U.S. government stocks up on radiation sickness drug

by WorldTribune Staff, October 6, 2022

Team Biden’s Administration for Strategic Preparedness and Response (ASPR) announced on Oct. 4 the purchase of $290 million worth of the drug Nplate, which is a treatment for radiation sickness.

ASPR, an agency within the Department of Health and Human Services (HHS), said in a statement that it stocked up on the drug as part of its “ongoing efforts to be better prepared to save lives following radiological and nuclear emergencies.”

ASPR is tasked with preparing the nation for future disasters and public health emergencies.

The drug is being purchased from Amgen USA, a biotechnology firm headquartered in Thousand Oaks, California.

Nplate is the trade name of romiplostim, which was approved by the FDA in January 2021 to treat blood cell injuries that accompany acute radiation syndrome (ARS) in adults and children.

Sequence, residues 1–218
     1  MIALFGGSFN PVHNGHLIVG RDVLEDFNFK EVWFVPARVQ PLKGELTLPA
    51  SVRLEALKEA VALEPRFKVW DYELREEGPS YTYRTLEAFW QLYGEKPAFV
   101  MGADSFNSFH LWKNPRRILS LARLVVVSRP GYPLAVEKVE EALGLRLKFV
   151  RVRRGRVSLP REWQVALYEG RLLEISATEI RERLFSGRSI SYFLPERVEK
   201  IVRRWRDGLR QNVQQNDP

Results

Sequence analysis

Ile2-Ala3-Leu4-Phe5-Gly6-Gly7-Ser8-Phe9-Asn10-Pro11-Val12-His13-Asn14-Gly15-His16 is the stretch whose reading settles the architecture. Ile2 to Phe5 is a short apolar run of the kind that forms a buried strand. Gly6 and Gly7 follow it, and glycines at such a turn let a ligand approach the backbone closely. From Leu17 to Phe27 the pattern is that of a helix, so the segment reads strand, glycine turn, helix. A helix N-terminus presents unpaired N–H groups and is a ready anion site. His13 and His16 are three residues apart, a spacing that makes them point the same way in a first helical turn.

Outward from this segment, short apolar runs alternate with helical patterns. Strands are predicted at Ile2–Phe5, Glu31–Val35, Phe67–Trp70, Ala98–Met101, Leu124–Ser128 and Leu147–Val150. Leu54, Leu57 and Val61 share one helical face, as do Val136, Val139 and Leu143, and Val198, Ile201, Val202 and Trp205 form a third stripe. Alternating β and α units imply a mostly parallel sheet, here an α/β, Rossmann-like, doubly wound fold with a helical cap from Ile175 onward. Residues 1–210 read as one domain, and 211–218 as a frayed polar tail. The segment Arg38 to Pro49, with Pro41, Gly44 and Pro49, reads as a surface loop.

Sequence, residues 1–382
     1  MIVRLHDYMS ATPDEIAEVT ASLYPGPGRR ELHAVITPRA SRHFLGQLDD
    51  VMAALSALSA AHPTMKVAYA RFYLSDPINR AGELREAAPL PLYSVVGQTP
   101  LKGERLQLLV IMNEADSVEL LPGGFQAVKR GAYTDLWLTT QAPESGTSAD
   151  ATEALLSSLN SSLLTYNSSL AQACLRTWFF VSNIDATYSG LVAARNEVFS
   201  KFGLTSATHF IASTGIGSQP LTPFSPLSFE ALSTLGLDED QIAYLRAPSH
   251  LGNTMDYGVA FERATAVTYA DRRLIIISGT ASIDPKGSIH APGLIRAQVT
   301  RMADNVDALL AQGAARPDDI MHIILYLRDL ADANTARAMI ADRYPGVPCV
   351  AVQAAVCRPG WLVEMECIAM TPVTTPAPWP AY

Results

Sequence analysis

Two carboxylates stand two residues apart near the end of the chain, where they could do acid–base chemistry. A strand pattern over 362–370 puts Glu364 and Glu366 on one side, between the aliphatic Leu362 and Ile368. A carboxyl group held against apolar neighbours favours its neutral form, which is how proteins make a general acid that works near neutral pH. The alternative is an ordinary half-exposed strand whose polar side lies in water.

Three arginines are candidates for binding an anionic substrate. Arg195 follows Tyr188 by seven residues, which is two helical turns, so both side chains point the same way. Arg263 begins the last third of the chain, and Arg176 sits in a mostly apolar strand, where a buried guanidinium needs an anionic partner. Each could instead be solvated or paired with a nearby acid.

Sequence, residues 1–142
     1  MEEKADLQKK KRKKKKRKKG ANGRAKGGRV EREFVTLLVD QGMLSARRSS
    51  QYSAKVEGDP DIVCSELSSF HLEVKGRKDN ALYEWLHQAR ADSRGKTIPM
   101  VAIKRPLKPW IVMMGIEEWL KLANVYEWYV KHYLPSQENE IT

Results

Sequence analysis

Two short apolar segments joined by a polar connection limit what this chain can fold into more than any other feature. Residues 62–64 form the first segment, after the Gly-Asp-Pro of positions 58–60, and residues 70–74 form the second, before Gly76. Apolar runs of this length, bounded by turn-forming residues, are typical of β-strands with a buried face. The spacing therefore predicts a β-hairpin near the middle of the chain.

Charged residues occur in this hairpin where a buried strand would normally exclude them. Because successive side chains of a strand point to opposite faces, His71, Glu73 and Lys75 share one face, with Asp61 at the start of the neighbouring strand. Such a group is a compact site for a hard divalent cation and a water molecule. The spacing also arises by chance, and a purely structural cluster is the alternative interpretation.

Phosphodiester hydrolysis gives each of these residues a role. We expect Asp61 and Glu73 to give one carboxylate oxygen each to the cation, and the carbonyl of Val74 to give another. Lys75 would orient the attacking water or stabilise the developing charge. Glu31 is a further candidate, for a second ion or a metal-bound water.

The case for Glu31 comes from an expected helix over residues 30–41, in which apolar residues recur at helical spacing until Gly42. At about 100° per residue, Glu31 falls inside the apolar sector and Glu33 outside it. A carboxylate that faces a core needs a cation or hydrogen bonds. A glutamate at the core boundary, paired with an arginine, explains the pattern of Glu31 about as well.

ARS is also referred to as radiation sickness, which reaches internal organs in mere seconds and “occurs when a person’s entire body is exposed to a high dose of penetrating radiation.” It can result in a difficulty for blood to clot because of low platelet counts, which can lead to uncontrolled bleeding, which is life-threatening.

Nplate helps reduce the radiation-induced bleeding by stimulating the body to produce more platelets, according to Amgen.

According to the announcement, Amgen’s development of Nplate for radiation sickness was supported by the Biomedical Advanced Research and Development Authority (BARDA) and the National Institute of Allergy and Infectious Diseases (NIAID).

“Amgen will maintain this supply in vendor-managed inventory,” ASPR said of the Nplate drug supply. “This approach decreases life-cycle management costs for taxpayers because doses that near expiration can be rotated into the commercial market for rapid use prior to expiry and new doses can be added to the government supply.”


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